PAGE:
JOURNAL ARTICLE

DENTAL DISEASES AND OTHER ORAL PATHOLOGIES OF CAPTIVE JAGUARS ( PANTHERA ONCA ) FROM BELIZE, CENTRAL AMERICA

Lindsey A Schneider, Isabel A Jimenez, Esther E V Crouch, Gerald E Duhamel, Nadine Fiani, George V Kollias, Santiago Peralta
Journal of Zoo and Wildlife Medicine: Official Publication of the American Association of Zoo Veterinarians 2021, 51 (4): 856-867
33480566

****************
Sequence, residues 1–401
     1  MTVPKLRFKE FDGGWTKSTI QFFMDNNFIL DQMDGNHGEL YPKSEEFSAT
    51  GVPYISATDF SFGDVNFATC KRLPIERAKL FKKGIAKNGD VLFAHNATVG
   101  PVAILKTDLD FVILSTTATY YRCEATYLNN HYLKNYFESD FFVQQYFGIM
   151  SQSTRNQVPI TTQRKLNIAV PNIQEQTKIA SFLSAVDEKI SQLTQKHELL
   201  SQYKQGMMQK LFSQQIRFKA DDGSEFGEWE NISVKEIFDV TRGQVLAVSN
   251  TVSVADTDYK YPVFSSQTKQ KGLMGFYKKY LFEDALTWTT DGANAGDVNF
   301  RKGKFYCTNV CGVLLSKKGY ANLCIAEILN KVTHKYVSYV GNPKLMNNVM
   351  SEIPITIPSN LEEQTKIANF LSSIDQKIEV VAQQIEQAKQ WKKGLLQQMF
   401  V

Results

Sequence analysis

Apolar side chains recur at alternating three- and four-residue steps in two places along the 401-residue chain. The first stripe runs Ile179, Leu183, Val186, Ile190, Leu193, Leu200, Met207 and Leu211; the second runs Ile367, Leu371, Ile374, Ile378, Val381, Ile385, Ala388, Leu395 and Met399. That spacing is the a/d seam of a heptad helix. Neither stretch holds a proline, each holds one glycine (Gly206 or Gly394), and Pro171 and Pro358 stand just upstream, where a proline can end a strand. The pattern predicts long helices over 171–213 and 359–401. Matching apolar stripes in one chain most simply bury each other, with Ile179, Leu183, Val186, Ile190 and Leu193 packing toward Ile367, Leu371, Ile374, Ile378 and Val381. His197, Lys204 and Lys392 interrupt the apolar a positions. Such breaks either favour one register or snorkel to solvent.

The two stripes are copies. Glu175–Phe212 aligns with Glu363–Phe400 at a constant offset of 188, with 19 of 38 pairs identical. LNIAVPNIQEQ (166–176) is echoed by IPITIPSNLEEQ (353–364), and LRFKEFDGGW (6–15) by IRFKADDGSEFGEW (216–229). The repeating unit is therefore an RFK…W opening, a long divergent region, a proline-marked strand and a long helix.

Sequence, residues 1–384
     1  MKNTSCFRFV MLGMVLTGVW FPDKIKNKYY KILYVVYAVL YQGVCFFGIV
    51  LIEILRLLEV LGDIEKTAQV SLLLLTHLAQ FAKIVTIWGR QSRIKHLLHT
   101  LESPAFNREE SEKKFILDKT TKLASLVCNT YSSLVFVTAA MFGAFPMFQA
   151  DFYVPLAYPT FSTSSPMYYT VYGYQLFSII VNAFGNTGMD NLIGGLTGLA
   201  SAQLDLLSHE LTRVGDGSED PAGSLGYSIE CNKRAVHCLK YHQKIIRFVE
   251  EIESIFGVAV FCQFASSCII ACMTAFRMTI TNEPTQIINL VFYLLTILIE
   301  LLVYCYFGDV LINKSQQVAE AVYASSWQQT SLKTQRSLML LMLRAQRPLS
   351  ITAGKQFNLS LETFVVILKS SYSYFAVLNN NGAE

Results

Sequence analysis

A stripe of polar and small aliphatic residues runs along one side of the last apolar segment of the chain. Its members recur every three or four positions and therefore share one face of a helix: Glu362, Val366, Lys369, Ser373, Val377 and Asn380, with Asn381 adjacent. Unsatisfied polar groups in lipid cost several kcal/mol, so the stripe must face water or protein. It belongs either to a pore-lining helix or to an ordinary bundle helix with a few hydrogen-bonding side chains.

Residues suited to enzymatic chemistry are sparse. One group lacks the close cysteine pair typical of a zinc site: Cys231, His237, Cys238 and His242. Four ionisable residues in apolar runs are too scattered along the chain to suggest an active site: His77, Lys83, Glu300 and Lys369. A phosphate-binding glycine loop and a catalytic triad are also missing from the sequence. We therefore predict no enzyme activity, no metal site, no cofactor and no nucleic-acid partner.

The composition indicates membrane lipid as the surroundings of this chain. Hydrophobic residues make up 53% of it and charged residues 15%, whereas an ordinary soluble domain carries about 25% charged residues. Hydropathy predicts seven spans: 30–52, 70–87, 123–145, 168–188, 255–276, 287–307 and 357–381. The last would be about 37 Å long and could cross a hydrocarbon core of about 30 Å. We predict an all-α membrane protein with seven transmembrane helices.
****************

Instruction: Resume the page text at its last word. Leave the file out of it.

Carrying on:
Dental and oral diseases are prevalent in many mammalian species including wild felids. Determining the dental and oral health status of captive animal populations can help establish preventive and therapeutic strategies, leading to improved welfare and conservation efforts. The aim of this study was to assess the prevalence of periodontal disease, endodontic disease, tooth resorption, and other clinically relevant dental and maxillofacial abnormalities in a population of captive jaguars ( Panthera onca ) using clinical, radiographic, and histopathological findings. Fifteen jaguars, ranging from young adult to geriatric, kept at a private zoo in Belize, Central America, had a detailed oral examination under general anesthesia between January 2015 and March 2019. Periodontitis was present in 3.8% (16/423) of examined teeth and 53.8% (7/13) of jaguars that underwent periodontal probing. Endodontic disease secondary to dentoalveolar trauma was found in 21.0% (89/423) of teeth in 73.3% (11/15) of animals. Tooth resorption, which has not been previously documented in jaguars, affected 1.4% (6/423) of teeth in 13.3% (2/15) of jaguars. Other abnormalities included metallic foreign material (gunshot) identified radiographically in 33.3% (5/15) of jaguars and nontraumatizing malocclusion in 9.1% (1/11) of jaguars that had occlusion evaluated. Much of the oral pathology identified in captive jaguars is suspected to arise from capture and/or captivity-associated behaviors, as suggested by gunshot around the oral cavity, fractures of rostral teeth (canine and incisor teeth), and abrasions consistent with cage-biting on canine teeth. Anesthetized oral examination-including full-mouth intraoral radiographs, periodontal probing, and charting-is recommended for jaguars with clinical signs of oral pain, as well as for routine systemic evaluation.

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